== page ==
Minister in a way that will make you happy to review.
17Now from Miletus he sent to Ephesus and called the elders of the church to come to him. 18And when they came to him, he said to them:
“You yourselves know how I lived among you the whole time from the first day that I set foot in Asia, 19serving the Lord with all humility and with tears and with trials that happened to me through the plots of the Jews; 20how I did not shrink from declaring to you anything that was profitable, and teaching you in public and from house to house, 21testifying both to Jews and to Greeks of repentance toward God and of faith in our Lord Jesus Christ.
Miletus was a town near the sea, about 30 miles from Ephesus. Paul sent to the leadership of the Ephesian church, and asked them to come and meet him there. He only had a little time to spend with them, and so he wanted it to count. The church leaders arrived, and Paul presented his farewell address.
In this opening section of Paul’s farewell address, he reviews his ministry among the Ephesians. That is why I say that we should minister in a way that will make us happy to review. Again, whether you are a pastor, a school teacher, or whatever your career, you should spend your time with people in such a way that, when it is all said and done, you will be happy to look back on it.
One way to minister in a way that will make you happy to review is to minister with transparency in your life. Paul says that the people knew how he lived before them. He was open. He was honest. He did not have any part of his life and ministry that was hidden from the people. And if you want to have a life and ministry that pleases God and makes you happy to review, you need to develop that kind of openness to others. Let others see who you are. Let them see how you live. The stronger you cling to your privacy, the more likely you are to fall into sin, believing that others will never find out about the compromises you make. So, live openly before all people, and you will be taking a step toward a ministry and a life that you can review with joy.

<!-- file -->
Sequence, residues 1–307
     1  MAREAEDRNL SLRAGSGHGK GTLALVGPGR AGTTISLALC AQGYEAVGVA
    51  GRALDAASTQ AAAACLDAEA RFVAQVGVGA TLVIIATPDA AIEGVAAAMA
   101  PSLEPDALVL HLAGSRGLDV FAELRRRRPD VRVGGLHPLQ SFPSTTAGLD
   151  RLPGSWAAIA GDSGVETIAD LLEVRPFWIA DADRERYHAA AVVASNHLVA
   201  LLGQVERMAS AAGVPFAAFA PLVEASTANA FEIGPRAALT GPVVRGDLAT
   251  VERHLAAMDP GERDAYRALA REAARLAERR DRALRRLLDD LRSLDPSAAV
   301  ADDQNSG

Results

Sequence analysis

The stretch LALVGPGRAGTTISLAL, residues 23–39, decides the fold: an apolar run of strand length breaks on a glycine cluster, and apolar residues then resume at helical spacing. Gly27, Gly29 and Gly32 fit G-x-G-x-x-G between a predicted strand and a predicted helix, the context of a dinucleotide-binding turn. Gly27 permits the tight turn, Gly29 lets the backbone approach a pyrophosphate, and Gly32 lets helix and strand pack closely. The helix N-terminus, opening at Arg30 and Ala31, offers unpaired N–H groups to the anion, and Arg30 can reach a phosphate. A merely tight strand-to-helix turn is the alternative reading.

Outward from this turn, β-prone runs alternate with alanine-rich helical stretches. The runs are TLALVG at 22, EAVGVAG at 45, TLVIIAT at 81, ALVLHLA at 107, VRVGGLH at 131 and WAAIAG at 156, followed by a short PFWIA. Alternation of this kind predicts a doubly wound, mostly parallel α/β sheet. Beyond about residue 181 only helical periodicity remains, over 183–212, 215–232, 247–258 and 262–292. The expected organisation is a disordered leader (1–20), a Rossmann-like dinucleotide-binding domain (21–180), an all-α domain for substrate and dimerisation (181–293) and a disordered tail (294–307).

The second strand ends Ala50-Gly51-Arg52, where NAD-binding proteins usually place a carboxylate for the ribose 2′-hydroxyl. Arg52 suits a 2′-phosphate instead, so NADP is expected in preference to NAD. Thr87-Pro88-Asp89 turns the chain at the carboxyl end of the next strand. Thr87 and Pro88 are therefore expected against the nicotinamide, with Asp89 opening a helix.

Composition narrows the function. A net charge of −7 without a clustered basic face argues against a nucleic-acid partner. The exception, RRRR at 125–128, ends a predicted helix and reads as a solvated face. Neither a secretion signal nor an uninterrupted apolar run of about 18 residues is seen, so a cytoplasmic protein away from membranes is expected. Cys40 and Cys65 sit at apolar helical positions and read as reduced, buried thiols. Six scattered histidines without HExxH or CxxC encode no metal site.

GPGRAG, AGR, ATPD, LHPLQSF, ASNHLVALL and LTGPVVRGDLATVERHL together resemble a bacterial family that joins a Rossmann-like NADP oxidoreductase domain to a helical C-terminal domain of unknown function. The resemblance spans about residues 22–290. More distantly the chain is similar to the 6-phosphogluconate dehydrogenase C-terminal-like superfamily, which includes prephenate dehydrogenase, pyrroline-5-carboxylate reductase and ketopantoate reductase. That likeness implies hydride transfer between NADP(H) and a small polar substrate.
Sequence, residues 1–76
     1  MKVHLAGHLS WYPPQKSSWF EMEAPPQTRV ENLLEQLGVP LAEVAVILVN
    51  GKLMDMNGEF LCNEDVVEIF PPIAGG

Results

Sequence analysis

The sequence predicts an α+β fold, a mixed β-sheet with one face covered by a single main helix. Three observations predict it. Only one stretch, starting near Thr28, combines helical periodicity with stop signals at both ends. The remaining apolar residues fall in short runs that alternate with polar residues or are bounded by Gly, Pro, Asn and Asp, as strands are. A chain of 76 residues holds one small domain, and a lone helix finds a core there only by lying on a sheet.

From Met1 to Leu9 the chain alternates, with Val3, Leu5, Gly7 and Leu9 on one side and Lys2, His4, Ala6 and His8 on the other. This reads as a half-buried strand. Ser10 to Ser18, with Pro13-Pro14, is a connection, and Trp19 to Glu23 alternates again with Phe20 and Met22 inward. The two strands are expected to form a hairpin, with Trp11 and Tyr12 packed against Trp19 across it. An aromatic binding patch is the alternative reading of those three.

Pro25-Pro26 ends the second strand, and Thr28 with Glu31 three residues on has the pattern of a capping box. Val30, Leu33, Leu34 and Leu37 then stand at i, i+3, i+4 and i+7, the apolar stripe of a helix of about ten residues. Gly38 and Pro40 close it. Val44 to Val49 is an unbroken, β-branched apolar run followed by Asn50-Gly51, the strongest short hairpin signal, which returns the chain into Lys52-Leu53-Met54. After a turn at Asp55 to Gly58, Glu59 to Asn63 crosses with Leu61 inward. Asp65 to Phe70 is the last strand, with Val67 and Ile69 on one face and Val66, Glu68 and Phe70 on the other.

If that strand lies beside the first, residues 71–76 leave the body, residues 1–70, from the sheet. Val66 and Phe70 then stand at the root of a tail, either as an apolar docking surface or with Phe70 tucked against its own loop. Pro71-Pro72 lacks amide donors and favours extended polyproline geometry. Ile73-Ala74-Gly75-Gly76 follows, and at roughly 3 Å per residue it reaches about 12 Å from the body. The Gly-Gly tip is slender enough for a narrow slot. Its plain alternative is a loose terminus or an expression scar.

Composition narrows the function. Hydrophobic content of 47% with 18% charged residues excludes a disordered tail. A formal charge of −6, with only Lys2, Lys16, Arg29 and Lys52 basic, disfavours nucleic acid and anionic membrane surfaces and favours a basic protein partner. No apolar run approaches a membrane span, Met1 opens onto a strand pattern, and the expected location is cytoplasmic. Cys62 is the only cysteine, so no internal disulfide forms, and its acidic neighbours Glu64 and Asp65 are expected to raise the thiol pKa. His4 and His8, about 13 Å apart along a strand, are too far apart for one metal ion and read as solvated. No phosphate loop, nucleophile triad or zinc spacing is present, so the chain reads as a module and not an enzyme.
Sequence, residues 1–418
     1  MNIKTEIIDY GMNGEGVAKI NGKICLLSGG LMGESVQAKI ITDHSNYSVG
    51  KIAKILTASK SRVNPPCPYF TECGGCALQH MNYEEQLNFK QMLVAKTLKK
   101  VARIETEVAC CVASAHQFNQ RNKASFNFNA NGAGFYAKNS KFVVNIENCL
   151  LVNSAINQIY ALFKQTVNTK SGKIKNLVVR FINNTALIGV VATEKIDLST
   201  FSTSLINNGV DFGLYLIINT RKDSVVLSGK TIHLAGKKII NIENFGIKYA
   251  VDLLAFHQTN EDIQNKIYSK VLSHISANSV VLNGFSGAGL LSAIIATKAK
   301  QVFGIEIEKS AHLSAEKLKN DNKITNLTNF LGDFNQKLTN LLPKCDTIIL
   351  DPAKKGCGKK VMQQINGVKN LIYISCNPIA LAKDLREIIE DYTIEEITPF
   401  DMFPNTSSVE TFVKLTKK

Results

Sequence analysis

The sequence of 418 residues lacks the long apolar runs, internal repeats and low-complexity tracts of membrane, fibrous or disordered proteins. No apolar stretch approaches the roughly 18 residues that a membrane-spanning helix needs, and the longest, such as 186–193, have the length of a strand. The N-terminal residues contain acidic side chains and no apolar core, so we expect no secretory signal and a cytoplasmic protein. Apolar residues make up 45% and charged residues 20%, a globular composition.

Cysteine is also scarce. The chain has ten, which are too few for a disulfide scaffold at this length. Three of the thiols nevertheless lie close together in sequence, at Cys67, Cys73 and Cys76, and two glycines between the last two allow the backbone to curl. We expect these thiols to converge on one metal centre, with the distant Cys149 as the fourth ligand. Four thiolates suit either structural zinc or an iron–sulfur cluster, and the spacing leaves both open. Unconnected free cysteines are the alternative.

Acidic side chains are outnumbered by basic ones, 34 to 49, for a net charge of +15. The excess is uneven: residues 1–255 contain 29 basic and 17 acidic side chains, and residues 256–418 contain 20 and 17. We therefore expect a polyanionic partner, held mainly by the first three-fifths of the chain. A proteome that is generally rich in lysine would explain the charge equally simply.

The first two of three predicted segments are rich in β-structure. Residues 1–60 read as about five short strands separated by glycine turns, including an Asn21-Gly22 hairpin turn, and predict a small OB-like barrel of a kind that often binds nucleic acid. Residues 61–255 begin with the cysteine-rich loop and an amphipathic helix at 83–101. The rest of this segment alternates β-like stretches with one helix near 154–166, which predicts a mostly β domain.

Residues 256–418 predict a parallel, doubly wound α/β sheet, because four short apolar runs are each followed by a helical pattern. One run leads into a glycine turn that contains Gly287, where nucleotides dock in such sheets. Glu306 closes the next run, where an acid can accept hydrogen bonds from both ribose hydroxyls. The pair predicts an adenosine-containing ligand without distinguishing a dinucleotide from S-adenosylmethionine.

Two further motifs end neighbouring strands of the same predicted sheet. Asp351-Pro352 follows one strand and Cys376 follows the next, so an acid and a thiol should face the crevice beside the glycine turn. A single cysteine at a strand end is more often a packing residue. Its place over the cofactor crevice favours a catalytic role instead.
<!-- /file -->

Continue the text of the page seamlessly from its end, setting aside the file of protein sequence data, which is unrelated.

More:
Another thing we see in Paul’s statement is in his next phrase. At the beginning of verse 19, Paul says that he was serving the Lord from the first moment he set foot in Asia. A second key to living a ministry that you will be happy to review is to serve the Lord first and foremost. What I mean by that is that you must serve God, even before you serve people. The Christian life is not about others first. The Christian life is first and foremost about the glory of God. Thankfully, God is honored when we also care for others, and so it is not that you will neglect others for the sake of God. However, if you are going to have your priorities right in ministry, you must have it clearly set in your mind that you are sent out to serve God. It is more important that God be happy with your life and ministry than it is for other people to applaud what you do in serving the Lord.
Paul says that he served the Lord with humility, tears, and trials. The idea here is that Paul most certainly did not serve for his own comfort and ease. The humility that Paul had marked his life as a life given for others and not for his own selfish gain. His tears showed that his heart ached when the name of God was dishonored by the lost, or by those who claimed Christ but who were not living as believers. Paul went through trials and persecutions in many of the cities that he entered. His ministry was not about making himself comfortable. His ministry was about doing the will of God and spreading the Gospel. And, if you want to have a ministry that will make you happy to review, you too will live more for the glory of God than for your own comfort.
In verses 20-21, Paul wraps up his ministry review by pointing out how he taught. This is a central component to having a life and ministry that you will be happy to look back on. Paul says that he did not shrink back from proclaiming anything profitable. He never hid biblical doctrine and teaching. He never held back. Paul proclaimed the truth with boldness. He taught the truth in public and private. He taught the truth to Jews and gentiles. He taught the truth when people wanted to hear it and when they didn’t. He called people to repentance and to faith. Even when people did not want to be thought of as sinners, Paul helped them to see their need to turn from sin and to receive God’s grace through faith in Christ. He boldly, unflinchingly taught the truth; and that made his ministry something he could look back on and smile.
I’m no Paul, and neither are you. But we can all live as Paul did if we will be committed to ministry, and to having a ministry that we can look back on with joy.